Do not waive the three-day notice. When presented with a notice of inspection, you have three days to gather your I-9 forms and surrender them to ICE. Even if you believe that your I-9s are in proper order, take those three days to consult with an attorney and double-check your compliance with appropriate regulations.

Provide only the documents requested. Carefully review the notice of inspection and accompanying subpoenas. The NOI will ask for the I-9, while the accompanying subpoenas might request additional documents. Read through both carefully to ensure you are providing everything that is requested. Do not turn over any unnecessary documents for the audit.

Keep track of everything you give to ICE. I-9 audits do not occur at your place of business and only originals are accepted by ICE. Make copies of all I-9 forms to retain for your business’s use while the audit is in progress.

Contact the ICE auditor. When the NOI is served, you will also receive contact information for the ICE auditor. Through your attorney, reach out to the auditor to determine the best course of communication. Each auditor handles cases differently, so make contact to find out about the timeline, process of the audit, and any expectations the auditor may have for your business.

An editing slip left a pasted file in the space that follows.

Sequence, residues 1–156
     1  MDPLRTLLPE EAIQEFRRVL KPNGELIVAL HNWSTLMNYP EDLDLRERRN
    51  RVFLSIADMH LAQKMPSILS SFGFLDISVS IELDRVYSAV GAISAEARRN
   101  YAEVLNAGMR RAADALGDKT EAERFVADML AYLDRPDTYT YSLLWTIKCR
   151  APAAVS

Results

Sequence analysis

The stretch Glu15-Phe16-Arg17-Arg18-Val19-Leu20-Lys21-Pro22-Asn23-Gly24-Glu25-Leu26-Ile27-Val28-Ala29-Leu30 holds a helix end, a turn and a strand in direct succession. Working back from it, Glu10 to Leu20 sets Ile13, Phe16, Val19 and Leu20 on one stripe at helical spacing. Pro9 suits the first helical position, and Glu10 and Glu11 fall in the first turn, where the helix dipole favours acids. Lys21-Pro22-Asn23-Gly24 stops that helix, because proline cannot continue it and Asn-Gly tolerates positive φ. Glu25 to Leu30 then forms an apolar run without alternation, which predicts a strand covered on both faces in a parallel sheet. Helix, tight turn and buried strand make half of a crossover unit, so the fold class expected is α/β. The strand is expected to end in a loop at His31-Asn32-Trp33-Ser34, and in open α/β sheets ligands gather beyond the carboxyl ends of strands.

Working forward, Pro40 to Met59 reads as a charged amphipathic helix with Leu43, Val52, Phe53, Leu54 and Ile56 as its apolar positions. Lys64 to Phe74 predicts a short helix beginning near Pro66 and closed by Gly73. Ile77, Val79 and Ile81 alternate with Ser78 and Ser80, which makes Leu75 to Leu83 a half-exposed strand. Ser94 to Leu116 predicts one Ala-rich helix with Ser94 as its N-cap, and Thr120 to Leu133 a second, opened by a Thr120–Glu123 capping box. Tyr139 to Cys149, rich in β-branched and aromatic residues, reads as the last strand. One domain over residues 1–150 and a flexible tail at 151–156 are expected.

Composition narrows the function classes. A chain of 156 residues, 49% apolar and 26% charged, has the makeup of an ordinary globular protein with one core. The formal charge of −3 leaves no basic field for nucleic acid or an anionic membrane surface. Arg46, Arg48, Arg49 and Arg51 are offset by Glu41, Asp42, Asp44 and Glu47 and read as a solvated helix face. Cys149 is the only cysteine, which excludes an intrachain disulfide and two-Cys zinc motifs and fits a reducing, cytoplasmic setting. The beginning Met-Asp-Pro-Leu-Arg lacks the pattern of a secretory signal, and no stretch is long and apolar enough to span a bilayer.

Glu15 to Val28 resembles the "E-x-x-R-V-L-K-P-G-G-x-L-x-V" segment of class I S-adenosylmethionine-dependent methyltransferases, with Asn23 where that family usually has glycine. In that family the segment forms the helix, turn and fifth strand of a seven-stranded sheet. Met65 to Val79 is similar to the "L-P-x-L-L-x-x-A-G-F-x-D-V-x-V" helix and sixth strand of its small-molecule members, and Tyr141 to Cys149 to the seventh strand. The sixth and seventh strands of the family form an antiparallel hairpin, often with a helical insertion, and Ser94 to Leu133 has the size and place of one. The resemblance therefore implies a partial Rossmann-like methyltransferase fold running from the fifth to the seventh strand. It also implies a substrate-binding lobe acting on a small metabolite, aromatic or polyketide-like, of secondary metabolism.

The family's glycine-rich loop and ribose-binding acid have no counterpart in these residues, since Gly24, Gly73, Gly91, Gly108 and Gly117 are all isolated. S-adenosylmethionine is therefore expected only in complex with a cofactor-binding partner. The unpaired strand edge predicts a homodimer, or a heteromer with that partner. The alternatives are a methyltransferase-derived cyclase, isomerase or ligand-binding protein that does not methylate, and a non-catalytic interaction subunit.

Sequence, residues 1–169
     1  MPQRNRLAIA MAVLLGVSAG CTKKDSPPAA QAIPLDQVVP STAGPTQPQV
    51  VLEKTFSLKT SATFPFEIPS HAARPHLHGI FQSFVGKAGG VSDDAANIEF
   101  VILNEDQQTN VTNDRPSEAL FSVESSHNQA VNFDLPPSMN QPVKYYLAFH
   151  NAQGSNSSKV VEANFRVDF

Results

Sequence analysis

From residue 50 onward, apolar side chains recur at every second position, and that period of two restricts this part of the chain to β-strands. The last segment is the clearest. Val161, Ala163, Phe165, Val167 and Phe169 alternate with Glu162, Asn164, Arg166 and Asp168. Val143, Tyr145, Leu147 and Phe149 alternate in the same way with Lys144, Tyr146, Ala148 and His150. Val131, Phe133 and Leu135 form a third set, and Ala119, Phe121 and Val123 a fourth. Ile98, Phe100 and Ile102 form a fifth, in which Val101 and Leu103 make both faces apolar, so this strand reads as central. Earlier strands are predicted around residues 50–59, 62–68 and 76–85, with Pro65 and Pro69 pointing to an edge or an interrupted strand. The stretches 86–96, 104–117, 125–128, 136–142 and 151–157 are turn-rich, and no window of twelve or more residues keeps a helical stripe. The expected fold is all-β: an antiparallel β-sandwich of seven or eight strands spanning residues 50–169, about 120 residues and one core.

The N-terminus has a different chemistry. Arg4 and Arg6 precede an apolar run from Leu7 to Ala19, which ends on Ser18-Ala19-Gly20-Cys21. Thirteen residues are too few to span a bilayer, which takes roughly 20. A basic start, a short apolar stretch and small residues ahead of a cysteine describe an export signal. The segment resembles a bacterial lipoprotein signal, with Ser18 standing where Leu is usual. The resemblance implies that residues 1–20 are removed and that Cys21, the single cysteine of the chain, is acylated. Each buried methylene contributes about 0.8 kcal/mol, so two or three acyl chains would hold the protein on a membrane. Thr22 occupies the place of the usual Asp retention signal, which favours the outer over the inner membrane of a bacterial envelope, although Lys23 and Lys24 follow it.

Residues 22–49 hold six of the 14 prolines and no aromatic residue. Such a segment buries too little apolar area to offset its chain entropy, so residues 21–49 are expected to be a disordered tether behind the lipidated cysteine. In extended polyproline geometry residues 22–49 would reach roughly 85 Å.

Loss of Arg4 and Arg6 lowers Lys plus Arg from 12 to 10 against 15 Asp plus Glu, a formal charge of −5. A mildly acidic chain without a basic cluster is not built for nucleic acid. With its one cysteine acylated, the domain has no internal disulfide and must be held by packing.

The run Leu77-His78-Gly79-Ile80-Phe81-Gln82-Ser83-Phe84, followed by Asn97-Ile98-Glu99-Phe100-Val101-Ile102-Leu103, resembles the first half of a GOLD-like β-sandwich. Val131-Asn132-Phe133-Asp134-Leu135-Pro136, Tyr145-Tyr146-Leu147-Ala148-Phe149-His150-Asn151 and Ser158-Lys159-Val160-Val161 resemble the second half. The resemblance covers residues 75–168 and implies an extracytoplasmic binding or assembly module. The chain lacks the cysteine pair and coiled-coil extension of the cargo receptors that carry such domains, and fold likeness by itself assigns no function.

Use your three days wisely. The auditors provide these three days so that you can get your documents in proper order. We urge you to consider taking the following three steps:

First, contact your business immigration attorney.
Second, move forward with gathering the requested forms and making copies of each.
Third, if time allows have your attorney make the necessary corrections to your I-9 forms before the audit.